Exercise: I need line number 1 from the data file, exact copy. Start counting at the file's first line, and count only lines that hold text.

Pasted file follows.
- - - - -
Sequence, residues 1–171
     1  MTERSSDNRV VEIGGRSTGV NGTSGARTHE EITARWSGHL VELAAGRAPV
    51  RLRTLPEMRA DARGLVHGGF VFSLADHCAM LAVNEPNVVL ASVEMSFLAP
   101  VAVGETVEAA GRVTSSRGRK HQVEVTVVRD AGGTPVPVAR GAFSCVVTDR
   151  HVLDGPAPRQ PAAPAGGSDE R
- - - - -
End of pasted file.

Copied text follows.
Sequence, residues 1–171